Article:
Thanks for the heads-up. Is it worth having it modified for one-piece seal when I take the block & crank for machining? And any recommendations for a good compromise of price vs. quality on 302 gasket sets? On my water-cooled Ducatis, the factory changed from composite head gaskets (with crimped fire ring) to a multi-layer-metal style with much improved sealing (and smaller squish / quench). To get the squish band to 0.8mm you change the cylinder base aluminium gasket / shim. I think these MLM gaskets are available for Ford small-block, too?
 
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Eddy McClements

Supporter
Crank pics and measurements...





And the scores on the doors (those of a metric indisposition should look away now...!)...

All mains are at 57.11mm = 2.248"




And all rod journals are at 53.92mm = 2.123"




That's the end of the main dismantling, and it's been a relief to find a 50-y-o engine that's a sound base for a rebuild. I can't believe how good the crank is, given the state of the sludge in the bottom of the sump, the bearing shells and the dead cam.


Edited to add:-

The distance between crank webs at #3 bearing (where the thrust bearing lives) measures at 1.139" using a sprung-loaded bore gauge and the mic. Bit fiddly to do; what should the dimension be at this point?
 
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For MLS head gaskets Cometec have the widest choice of compressed thicknesses ( .027 to .080 I think). FelPro or Mahle are good for the rest and you can upgrade to a Viton rear main. The rubber one piece sump and valve cover gaskets are also worthwhile as they are reusable and contain small metal bushes to prevent distortion from over tightening. Ditch the umbrella valve seals for Vitons.
 
Crank pics and measurements...





And the scores on the doors (those of a metric indisposition should look away now...!)...

All mains are at 57.11mm = 2.248"




And all rod journals are at 53.92mm = 2.123"




That's the end of the main dismantling, and it's been a relief to find a 50-y-o engine that's a sound base for a rebuild. I can't believe how good the crank is, given the state of the sludge in the bottom of the sump, the bearing shells and the dead cam.


Edited to add:-

The distance between crank webs at #3 bearing (where the thrust bearing lives) measures at 1.139" using a sprung-loaded bore gauge and the mic. Bit fiddly to do; what should the dimension be at this point?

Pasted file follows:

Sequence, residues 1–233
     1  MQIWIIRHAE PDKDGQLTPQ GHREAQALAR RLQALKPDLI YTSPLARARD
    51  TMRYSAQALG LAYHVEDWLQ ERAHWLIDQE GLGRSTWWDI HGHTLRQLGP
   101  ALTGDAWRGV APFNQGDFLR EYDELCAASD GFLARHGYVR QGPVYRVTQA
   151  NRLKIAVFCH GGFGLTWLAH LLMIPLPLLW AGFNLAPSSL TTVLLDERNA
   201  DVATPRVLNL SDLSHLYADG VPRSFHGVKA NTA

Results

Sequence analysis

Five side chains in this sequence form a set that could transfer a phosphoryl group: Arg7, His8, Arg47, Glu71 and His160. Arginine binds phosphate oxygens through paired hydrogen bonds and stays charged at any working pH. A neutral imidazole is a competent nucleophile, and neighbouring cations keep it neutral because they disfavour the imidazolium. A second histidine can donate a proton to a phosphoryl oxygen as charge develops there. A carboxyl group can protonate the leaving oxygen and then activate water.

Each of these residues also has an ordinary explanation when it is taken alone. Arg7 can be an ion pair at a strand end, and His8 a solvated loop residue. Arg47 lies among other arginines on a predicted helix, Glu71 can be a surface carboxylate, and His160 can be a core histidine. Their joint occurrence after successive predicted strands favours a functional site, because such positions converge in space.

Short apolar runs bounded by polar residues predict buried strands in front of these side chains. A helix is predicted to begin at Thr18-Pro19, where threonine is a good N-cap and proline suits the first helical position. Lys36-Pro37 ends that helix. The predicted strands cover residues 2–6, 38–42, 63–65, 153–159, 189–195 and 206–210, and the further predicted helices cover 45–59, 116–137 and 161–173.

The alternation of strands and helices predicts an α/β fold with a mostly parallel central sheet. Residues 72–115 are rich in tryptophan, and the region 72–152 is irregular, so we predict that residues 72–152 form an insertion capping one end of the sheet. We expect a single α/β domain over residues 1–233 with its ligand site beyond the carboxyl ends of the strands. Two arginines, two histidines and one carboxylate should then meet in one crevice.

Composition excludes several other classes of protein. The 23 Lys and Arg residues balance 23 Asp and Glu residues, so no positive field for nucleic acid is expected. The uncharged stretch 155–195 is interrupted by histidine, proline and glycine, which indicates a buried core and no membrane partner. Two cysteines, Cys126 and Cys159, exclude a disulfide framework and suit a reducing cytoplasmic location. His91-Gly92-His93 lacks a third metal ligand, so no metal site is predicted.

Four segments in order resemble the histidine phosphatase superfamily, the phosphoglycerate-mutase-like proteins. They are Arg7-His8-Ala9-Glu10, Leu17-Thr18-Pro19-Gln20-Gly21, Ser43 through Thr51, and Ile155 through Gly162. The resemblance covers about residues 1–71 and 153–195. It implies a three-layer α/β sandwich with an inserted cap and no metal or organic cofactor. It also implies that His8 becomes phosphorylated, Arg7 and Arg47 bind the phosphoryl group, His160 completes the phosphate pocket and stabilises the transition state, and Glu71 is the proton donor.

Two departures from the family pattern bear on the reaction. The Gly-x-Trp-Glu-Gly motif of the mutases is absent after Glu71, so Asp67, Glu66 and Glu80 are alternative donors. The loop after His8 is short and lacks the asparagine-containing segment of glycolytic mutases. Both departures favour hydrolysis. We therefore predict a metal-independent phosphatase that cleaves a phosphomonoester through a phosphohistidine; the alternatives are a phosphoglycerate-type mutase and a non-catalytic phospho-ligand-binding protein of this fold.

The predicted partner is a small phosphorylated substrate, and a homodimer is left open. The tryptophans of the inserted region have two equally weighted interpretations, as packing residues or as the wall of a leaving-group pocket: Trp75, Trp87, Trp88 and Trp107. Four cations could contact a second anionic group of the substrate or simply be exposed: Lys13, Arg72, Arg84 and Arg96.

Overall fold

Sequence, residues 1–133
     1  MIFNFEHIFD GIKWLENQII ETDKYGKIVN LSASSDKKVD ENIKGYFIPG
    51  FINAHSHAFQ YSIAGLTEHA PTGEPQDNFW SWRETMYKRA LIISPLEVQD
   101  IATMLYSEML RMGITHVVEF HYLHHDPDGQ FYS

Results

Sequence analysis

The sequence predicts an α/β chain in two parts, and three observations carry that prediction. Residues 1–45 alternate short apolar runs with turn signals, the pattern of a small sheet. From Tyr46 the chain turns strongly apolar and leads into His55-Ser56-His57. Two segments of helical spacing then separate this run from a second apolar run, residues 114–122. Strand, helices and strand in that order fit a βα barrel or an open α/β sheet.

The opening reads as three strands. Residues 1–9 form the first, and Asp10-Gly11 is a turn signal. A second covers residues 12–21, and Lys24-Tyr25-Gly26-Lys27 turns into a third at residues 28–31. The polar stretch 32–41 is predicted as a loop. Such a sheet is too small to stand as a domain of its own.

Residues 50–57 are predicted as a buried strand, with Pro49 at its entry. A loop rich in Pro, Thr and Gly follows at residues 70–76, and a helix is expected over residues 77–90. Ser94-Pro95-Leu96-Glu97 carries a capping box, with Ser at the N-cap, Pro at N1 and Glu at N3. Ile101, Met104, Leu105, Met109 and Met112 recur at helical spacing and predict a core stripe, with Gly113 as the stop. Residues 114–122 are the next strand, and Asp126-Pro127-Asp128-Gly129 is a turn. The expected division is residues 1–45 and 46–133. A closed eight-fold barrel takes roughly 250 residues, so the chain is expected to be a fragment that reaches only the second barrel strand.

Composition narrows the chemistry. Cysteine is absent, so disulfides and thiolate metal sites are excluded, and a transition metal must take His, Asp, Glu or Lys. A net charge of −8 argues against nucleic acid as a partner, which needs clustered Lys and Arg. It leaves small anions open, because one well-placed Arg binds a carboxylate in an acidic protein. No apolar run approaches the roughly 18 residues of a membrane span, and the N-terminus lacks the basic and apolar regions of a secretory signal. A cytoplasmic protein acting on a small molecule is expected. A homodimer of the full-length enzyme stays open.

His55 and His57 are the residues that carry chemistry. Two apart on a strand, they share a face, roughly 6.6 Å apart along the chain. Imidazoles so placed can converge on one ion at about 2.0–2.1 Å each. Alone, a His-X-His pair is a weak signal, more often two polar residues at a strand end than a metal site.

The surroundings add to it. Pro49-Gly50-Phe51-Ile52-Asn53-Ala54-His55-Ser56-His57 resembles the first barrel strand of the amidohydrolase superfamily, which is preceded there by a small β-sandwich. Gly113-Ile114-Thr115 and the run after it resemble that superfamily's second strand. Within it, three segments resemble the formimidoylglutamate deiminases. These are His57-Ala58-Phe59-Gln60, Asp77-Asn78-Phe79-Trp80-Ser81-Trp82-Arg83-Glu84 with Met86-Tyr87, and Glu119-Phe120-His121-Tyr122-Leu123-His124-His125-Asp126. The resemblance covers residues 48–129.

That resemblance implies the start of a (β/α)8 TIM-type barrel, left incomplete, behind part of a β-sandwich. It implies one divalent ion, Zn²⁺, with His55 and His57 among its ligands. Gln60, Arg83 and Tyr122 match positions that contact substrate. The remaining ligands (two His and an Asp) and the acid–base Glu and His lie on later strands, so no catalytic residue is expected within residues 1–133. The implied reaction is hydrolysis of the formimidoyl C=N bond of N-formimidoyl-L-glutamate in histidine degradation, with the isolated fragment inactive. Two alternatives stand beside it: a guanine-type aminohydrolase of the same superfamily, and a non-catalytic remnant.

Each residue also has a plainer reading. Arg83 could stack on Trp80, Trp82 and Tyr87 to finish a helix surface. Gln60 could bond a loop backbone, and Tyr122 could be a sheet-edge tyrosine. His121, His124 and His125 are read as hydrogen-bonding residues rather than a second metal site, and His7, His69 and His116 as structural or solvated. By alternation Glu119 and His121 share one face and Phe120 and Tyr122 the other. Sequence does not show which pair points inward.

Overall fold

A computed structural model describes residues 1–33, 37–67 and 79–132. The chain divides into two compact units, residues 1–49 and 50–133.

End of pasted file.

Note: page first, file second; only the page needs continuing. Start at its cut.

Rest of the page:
You measured that @ .011 " back in post #34 with the worn bearngs, Should be good to go with new stuff since factory setting is 0.004'' to 0.008". If any wear it will be on rear thrust face of crank since it sees most of the load from clutch or torque converter. many autos seem to have more of a wear problem at that point, often caused by wear on pump drive tangs/flats.
 

Randy V

Admin
Lifetime Supporter
When I prep crankshafts, I do all my machining (chamferring oil holes mainly) before I have the crank pins turned and polished to the next undersize. That way if any slips of the rotary stone, the damage will be ground away when the crankshaft is turned.
 

Eddy McClements

Supporter
Quick update:-

I have found a nearby machine shop (just an hour away and still within Lancashire) stuffed full of Sunnen, Serdi and other top-notch equipment, plus an engine guy who knows what he's doing. In addition to the Jag E-type race engines (which are their mainstay) Daimler 250 V8, Rover V8, MGB and other period Brit stuff, there were a couple of 302s and a 351 with Scat stroker crank (I guess a 408?) being built for a Pantera. I paid a COVID-safe visit and was given a good hour and half of time and good advice before leaving my crank and block for crack detection, measurement and machining.
Further updates to follow as progress is made.
 

Jim Rosenthal

Supporter
Two suggestions: first, another advantage of alloy heads is that the reduce weight above the cars roll center- this is probably more important in a front-engine car such as a Cobra, but shedding weight in high-performance cars is always a good thing. Second, I think you are on the right track with your goals in this engine build. In light cars such as GT40s and Cobras, you don't need a wild and peaky motor to give you excellent performance. The SNF engine in my Cobra came (despite my instructions) with a bracket-racing cam which was entirely too aggressive. We took it out and replaced it with a Comp Cams Hi-Energy grind, flat lifter hydraulic, which transformed the engine completely. Nice power, decent idle and a broad torque curve that made the car a joy to drive. For my modest driving skills and advanced years, I don't need a beast of an engine to make this kind of car fun to drive.

If you are going to look at alloy heads, look at AFRs. Over here, they are a crowd favorite for all sorts of reason- peerless quality, very acccurate machining, and great performance. I have AFR 185s on my GT40s engine, shortly to be moved to a new block. (see thread)